Judging the Invent It! Challenge

UPDATE: Check out the winners here.

In September, Spark!Lab partnered with ePals, an education media company and safe social learning network, for the second annual Invent It! Challenge. The contest challenged students to think about real-world problems and invent something that could help solve it. We received nearly 300 entries!

Members of the Lemelson Center team served as judges. As we prepare to announce the winners, they reflect on the contest.

Tanya Garner:

I was definitely surprised by the total number of entries for this year’s contest, of the 30 videos I viewed it was a real treat for me to see so many girls taking on challenges ranging from  fashion mishaps to  handling smelly garbage (as if there was any other kind).

A ten year-old New Jersey inventor created the “Catcher Robbery Report,” a unique system that enabled a camera hidden in a secret compartment of someone’s backpack to remotely send a photograph and data about the thief to the victim/police, which I thought was an interesting problem to address.  Also, I thought the eleven year-old inventor from Turkey cleverly addressed the familiar problem of “stumbling out of bed in the middle of the night into total darkness on your way to bathroom or kitchen for a drink of water,” by creating a pair of “slippers sunshine”—portable motion sensor lights placed in the front of the shoes to help guide the wearer to their destination.

Tricia Edwards:

My favorite part about judging the Invent It contest was seeing the range of problems and challenges the students set out to solve—everything from how to keep your nose warm in the winter to a binder that’s stylish and easier to carry to a snow and ice scraper that you can use from inside your car. (I have to admit that as a person who really dislikes winter and cold weather,  that one was a personal favorite!) Each of the inventors obviously took the “Think It” part of the invention process seriously. I was also amazed at how many of the entries had a strong “Sell It” component. It was clear that the students understood that invention isn’t just about having a great idea; it’s about knowing how to get that idea to market. I was particularly struck by the number of entries that used celebrity endorsements in their marketing. Martha Stewart and the Food Network’s Guy Fieri both made appearances in the entries I judged! All of the student inventors showed so much creativity, ingenuity and inventive thinking, and I am already looking forward to seeing what they come up with next year!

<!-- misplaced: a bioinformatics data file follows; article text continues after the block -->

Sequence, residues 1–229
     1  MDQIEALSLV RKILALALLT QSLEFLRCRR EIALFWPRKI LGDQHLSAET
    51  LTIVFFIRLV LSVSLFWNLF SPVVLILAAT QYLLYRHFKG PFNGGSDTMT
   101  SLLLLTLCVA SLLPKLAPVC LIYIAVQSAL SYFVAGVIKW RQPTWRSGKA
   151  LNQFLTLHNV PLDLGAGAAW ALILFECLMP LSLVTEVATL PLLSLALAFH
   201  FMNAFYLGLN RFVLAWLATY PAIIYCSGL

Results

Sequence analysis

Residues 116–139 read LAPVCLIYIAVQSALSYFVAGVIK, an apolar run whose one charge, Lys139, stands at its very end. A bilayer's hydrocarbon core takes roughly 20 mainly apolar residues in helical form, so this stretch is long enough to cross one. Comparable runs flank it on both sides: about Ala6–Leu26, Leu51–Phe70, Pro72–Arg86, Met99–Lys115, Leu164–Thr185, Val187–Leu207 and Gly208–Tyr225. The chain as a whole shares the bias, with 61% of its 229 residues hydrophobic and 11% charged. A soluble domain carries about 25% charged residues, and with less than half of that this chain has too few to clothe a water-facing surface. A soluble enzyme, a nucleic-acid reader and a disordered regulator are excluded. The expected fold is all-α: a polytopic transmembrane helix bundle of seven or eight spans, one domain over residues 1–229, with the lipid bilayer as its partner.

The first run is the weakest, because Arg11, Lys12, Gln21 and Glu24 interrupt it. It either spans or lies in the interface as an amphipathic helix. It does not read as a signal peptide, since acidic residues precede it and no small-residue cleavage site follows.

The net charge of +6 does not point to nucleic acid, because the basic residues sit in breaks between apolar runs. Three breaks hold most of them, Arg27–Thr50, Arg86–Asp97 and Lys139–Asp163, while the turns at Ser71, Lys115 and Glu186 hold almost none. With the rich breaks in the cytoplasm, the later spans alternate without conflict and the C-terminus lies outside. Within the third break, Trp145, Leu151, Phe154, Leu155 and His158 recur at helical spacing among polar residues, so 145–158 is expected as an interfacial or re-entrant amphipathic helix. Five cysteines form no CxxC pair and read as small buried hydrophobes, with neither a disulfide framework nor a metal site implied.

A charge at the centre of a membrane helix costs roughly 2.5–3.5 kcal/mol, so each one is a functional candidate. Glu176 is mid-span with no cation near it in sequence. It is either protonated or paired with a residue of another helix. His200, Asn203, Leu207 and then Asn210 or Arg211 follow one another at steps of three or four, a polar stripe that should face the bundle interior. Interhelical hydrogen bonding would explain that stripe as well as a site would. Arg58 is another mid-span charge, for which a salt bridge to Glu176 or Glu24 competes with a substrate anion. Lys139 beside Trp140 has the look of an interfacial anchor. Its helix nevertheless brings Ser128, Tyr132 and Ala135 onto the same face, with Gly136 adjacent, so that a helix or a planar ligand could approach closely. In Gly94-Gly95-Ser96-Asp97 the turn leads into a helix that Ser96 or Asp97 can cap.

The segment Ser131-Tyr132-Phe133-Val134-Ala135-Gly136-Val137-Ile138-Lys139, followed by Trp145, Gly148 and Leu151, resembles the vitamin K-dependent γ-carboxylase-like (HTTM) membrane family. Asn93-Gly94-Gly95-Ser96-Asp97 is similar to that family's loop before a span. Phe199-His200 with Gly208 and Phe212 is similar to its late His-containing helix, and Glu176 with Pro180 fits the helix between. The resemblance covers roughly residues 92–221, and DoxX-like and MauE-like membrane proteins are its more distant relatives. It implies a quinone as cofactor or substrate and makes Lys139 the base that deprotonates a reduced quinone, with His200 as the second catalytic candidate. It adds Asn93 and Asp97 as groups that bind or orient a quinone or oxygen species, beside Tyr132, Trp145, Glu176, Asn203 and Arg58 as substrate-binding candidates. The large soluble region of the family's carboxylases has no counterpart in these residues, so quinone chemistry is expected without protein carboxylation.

Laurel Fritzsch:

One of my favorite things about judging the ePals contest was getting to see all of the creative solutions kids had for the variety of problems they tried to solve. One little boy was trying to solve his problem of getting too hot when he was sleeping and another was trying to wake up sleepy drivers. The boy who tried to solve his problem of being hot may not have come up with a world changing invention but his solution of replacing some of the pajama cloth with mesh was creative and he went through all the steps an inventor would—including making a prototype, testing it out, and developing ways to improve it. The boy who developed a way of waking sleepy drivers also genuinely went through the steps of an inventor and both boys had a real passion for solving the problem they identified. The best part of judging the contest was seeing pictures or videos of the kids with their inventions. Their pride really came through.

Michelle DelCarlo:

I was surprised that some kids decided to address very serious issues, such as childhood obesity. The invention was a wristwatch-style device that would count calories and alert its user when they hadn’t exercised or ate too much. I was impressed with the level of seriousness most kids took in physically creating their prototypes. Some included images of themselves using sewing machines, stapling, or using interesting materials. I didn’t think they would take it so seriously, so that’s awesome.

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